Imagine the classic scenario: you are presented with a prenuptial agreement on the eve of your wedding, and asked to sign before you make your vows tomorrow. You’ve been together for years and had no idea this was coming. Your soon-to-be spouse earns significantly more than you and has more assets than you. Should you hire an attorney? Did your spouse disclose assets you had no idea he or she had? Are you being asked to waived spousal support in the event of divorce? Should you just “risk it” and sign the agreement, hoping that if you get divorced the court will deem it unenforceable?
In Illinois, the Uniform Premarital Agreement Act governs the formation and enforceability of prenuptial agreements. It provides that a premarital agreement is not enforceable if the party against whom enforcement is sought can prove that he or she did not execute the agreement voluntarily, or if the agreement was unconscionable when it was executed, and that party was either 1) not provided a fair and reasonable disclosure of the assets or financial obligations of the other, 2) did not voluntarily and expressly waive any right to disclosure of the same, and 3) did not have or reasonably could not have had an adequate knowledge of the property or financial obligations of the other. As you can see, there are several factors that a court will consider when determining whether a premarital agreement should be enforced. This results in a very fact-intensive inquiry by the court.
Setting everything else aside, how much does the date on which a premarital agreement itself was signed actually matter? The fact of the matter is, the date on which the agreement was executed, in itself, is not the single, determinative factor courts use when determining whether a premarital agreement should be enforced. What exactly does this mean? This means that if you signed a prenup on the eve of your wedding and are now getting divorced, you shouldn’t assume that it will be deemed unenforceable based on that mere fact. In fact, there is no one single factor that can make or break your case to enforce a premarital agreement, or to declare a premarital agreement unenforceable.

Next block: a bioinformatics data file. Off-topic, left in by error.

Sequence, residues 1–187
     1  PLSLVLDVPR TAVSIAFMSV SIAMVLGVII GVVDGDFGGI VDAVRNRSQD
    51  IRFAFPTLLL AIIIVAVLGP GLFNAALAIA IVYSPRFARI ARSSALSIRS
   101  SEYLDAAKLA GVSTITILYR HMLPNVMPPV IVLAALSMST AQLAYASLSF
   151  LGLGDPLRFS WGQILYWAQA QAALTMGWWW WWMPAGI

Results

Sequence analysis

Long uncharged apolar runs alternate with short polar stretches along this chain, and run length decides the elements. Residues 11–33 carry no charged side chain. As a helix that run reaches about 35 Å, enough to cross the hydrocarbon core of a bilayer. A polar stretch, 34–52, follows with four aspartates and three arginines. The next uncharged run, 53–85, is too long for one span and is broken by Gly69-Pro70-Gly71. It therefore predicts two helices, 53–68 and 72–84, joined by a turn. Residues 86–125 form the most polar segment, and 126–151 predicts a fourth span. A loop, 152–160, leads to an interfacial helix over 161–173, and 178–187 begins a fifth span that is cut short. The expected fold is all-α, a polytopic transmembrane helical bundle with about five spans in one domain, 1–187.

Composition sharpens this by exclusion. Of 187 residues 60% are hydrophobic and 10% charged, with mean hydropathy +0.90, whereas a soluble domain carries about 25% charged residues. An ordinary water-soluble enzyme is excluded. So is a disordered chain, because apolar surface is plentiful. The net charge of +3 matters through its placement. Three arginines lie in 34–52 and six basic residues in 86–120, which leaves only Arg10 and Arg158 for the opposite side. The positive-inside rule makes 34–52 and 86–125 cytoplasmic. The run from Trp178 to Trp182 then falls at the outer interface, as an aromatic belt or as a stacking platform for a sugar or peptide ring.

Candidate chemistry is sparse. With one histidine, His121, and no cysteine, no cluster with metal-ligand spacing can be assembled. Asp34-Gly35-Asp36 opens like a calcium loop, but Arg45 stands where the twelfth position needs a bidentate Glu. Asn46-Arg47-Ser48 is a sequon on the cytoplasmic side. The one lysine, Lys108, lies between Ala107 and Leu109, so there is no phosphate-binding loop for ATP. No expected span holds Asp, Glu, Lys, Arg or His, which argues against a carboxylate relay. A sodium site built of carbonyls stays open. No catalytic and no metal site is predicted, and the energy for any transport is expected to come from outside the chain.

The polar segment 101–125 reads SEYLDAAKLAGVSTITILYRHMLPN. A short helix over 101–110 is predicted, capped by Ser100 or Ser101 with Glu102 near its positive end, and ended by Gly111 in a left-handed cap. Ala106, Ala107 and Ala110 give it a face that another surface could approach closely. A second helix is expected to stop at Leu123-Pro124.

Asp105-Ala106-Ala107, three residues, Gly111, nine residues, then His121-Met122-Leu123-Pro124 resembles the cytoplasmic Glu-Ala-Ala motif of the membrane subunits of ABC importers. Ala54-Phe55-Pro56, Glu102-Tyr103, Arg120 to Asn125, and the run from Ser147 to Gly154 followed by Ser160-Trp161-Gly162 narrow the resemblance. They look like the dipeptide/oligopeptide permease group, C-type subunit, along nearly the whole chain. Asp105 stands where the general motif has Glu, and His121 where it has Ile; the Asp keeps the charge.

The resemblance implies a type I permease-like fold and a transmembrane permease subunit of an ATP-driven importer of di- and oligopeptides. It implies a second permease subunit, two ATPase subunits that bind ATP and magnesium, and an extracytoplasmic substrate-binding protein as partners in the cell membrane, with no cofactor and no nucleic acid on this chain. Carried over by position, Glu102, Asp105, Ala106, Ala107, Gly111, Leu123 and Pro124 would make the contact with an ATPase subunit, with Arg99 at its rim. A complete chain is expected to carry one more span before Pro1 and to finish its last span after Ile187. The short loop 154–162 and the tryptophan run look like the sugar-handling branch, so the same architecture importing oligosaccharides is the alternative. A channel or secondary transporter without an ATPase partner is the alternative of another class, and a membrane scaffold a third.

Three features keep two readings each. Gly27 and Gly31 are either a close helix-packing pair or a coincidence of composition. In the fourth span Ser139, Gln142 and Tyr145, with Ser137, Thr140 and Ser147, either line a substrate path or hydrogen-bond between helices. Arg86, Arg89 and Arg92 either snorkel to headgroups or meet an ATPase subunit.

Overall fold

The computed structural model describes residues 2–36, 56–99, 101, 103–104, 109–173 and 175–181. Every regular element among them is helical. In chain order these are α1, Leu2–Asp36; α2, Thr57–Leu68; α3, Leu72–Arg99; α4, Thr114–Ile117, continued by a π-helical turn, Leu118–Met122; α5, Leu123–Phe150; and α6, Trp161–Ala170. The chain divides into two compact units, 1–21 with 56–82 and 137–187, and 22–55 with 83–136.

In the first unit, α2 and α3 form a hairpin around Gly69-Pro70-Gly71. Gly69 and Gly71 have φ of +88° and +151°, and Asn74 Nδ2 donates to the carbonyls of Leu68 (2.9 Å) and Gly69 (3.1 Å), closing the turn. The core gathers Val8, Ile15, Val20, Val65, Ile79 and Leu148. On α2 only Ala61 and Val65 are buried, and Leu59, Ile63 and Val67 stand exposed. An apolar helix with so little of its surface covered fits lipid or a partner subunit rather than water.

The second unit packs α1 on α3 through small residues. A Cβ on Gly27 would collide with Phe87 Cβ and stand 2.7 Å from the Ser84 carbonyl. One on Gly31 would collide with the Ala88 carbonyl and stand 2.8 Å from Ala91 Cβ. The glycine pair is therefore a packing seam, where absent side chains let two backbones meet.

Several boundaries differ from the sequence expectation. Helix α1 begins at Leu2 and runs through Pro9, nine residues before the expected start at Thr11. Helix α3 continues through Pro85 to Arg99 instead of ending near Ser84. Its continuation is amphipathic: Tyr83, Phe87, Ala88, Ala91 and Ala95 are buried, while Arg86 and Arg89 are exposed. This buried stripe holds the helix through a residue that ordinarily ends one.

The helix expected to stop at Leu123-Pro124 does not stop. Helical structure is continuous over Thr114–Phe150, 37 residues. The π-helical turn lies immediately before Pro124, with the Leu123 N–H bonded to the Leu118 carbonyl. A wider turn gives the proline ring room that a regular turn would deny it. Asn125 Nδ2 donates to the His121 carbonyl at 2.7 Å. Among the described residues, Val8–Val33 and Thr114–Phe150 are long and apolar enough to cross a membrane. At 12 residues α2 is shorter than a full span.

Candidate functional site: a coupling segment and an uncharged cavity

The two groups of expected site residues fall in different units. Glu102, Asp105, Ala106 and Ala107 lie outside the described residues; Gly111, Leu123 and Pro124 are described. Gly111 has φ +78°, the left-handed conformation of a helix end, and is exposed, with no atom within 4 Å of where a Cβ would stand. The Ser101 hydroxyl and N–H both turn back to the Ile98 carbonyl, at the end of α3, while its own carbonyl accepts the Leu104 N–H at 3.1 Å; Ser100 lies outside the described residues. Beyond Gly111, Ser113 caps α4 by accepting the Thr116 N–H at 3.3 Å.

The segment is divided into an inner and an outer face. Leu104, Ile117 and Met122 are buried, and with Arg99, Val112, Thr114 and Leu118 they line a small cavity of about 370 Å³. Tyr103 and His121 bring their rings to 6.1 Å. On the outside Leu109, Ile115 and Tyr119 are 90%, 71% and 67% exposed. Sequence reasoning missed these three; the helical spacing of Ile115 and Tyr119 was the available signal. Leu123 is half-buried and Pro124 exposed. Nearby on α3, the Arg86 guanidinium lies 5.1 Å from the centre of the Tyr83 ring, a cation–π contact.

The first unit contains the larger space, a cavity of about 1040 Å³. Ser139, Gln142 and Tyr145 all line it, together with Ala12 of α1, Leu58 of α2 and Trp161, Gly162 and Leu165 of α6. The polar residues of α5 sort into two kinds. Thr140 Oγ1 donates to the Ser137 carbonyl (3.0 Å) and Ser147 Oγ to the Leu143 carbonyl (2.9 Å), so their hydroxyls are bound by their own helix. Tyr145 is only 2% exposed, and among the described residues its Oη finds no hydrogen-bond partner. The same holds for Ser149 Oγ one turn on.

In the case of Marriage of Murphy, Cathy and Bill were all set to marry on November 18. On November 16, Bill presented Cathy with a prenuptial agreement. Cathy was under a lot of stress due to last minute preparations, and having to keep their marriage a secret per Bill’s request (the divorce from his prior wife was not final until November 15). On November 17, Cathy called an attorney she used in the past to meet with her and Bill. The three of them met, the attorney reviewed Bill’s draft premarital agreement and explained everything to Cathy, and advised her not to sign it because it was very one-sided. The attorney said he would draft a new agreement.
On November 18, the day of the wedding, Cathy and Bill met with the attorney again. He explained the new draft to Cathy and made more revisions, per Cathy’s request. The parties then went to meet with Bill’s attorney to review the agreement. Cathy took a phone call while Bill and his attorney discussed the agreement. Bill handed Cathy a copy of the agreement and told her to sign it. Cathy stated she wanted to read it first, but Bill advised her it was getting late (it was 3:40 p.m., and the wedding was scheduled for 6:30 p.m.). Cathy asked Bill if the agreement was exactly as they had discussed, Bill confirmed, and Cathy signed it.
The trial court found that Cathy actively engaged in negotiations, and concluded that the agreement was not a product of coercion or duress. The trial court further held that the agreement was not a product of duress due to the last-minute nature of its execution, but did note that there were some stressful circumstances surrounding its procurement because the wedding was so imminent. This itself, however, did not render the agreement unenforceable. Ultimately, the court found that the period of time between the execution of the premarital agreement and the marriage ceremony “is only one factor among many that is considered when determining the validity of the agreement.” The Appellate Court affirmed the decision.
In the case of Estate of Hopkins, the court found that a premarital agreement was enforceable even when wife first saw it the night prior to the parties’ wedding, and signed it that same night.
As one can see, the date on which a premarital agreement is signed in relation to the wedding ceremony is but one factor of many in determining whether a court will enforce a premarital agreement. The ultimate determination is driven by the specific facts surrounding the circumstances and execution of the premarital agreement.
If you have questions about the enforcement or execution of a premarital agreement, please contact us.